5) Some intrepid bacteriologists engineered E.Coli that uses 5-chlorouracil–a synthetic and toxic substance–in place of thymine in its DNA. They started out with a strain of bacteria that could not synthesize its own thymine, built up generations that had a tolerance for the 5-chlorouracil and then removed thymine from the substrate. Interesting and scary all at the same time.
6) Extra, bonus entry this week, because I thought this was a neat story. Ed Yong explains why pruney fingers evolved.
Ryan’s Word of the Day is malefic, an adjective meaning evil.
I’m running all sorts of behind this week and I apologize. Without further delay, here is this week’s selection of science links:
1) A thought-provoking post at io9.com about why you shouldn’t lie to kids. I tried to convince a friend at work a few weeks ago that lying to your children about Santa is shoddy parenting, but she just couldn’t understand my point. Seriously folks, the myth of Santa is quite damaging if you deconstruct it. You’re teaching kids that presents that you bought were actually delivered by some mythical figure who keeps tally of what you did right and wrong on a list. The canny child will quickly ponder out that all you have to do is do more nice things than naughty things and you’re still in present land. And really, no matter how bad the kid is, doesn’t he still get presents? You’re not fooling anyone. Anyway, I ranted about that more than I intended to, sorry. The thrust of the article is that by convincing children that mythical figures exist, you’re harming their ability to separate truth from fiction.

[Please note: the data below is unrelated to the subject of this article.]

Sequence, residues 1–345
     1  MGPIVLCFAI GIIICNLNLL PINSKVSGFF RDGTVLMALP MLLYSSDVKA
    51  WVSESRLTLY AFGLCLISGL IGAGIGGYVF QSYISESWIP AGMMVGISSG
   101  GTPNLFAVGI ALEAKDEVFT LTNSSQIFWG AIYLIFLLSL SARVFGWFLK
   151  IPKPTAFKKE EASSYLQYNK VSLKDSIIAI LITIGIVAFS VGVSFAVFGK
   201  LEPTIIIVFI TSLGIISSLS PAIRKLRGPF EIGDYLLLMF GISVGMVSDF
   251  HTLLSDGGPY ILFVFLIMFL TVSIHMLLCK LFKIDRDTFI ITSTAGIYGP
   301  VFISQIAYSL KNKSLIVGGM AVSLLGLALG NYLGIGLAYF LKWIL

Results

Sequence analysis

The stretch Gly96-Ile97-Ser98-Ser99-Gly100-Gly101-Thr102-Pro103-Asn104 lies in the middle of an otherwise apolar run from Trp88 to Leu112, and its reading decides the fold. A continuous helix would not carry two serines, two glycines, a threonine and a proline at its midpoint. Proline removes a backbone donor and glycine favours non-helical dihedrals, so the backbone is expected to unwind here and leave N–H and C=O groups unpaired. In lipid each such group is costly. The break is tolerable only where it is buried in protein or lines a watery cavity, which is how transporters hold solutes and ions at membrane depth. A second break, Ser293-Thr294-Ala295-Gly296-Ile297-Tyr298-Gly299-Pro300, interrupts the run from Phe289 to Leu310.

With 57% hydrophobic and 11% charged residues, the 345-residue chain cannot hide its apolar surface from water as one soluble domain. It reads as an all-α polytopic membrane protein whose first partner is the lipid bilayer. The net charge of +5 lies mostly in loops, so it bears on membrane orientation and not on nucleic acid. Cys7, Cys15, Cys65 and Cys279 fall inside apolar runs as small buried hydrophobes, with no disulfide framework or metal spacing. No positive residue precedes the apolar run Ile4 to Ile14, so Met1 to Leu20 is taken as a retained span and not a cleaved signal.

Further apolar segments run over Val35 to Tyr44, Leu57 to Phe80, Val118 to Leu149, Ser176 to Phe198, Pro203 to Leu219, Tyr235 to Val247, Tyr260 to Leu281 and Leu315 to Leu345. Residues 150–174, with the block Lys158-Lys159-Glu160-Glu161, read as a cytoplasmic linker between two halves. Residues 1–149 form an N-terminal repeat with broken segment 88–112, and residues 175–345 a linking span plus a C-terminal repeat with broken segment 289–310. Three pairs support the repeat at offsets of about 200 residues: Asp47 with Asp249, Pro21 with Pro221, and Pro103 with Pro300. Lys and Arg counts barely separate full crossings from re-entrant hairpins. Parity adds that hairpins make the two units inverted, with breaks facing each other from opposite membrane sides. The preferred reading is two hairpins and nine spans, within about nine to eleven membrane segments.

2) Very cool news about the next step in defeating diabetes in an article from ScienceDaily.com. An artificial pancreas, set to start clinical trials in November, looks like a promising alternative to constant blood sugar testing and insulin shots.
3) An article (and a pretty picture) at arstechnica.com about salt water geysers on Enceladus, one of Saturn’s moons. Enceladus is currently thought the most likely place to find signs of life in the solar system.
4) A tongue-in-cheek post at science20.com about why females shouldn’t have sex with males from the future. The idea is that subsequent generations develop ways to promote an individual’s genetic lines, often to the detriment of the other gender. Keep antagonistic coevolution in mind for your next time-traveling hookup!
5) This one really surprised me. Here’s an article at nature.com regarding how city living might have a detrimental effect on mental health. According to the study, city life causes social stress which activates parts of the brain that process emotions, increasing the risk of schizophrenia.
This week’s Flash Fiction is a day late, but hopefully not a dollar short. I’ve wanted to write the story of how Erik and Bera met for some time. They are two secondary characters from Broods of Fenrir who have a long history that you never do find out about in the course of that story. It was nice to have the chance to share a brief glimpse of how they met. I may write a few more stories in that world as flash. It gives me a chance to write some words and also do develop some side characters a bit more.
I hope you enjoy Feral Attraction. As always, please leave a comment if you feel inclined. I do love to hear what you think.
Ryan’s Word of the Day is saturnine, having a gloomy demeanor.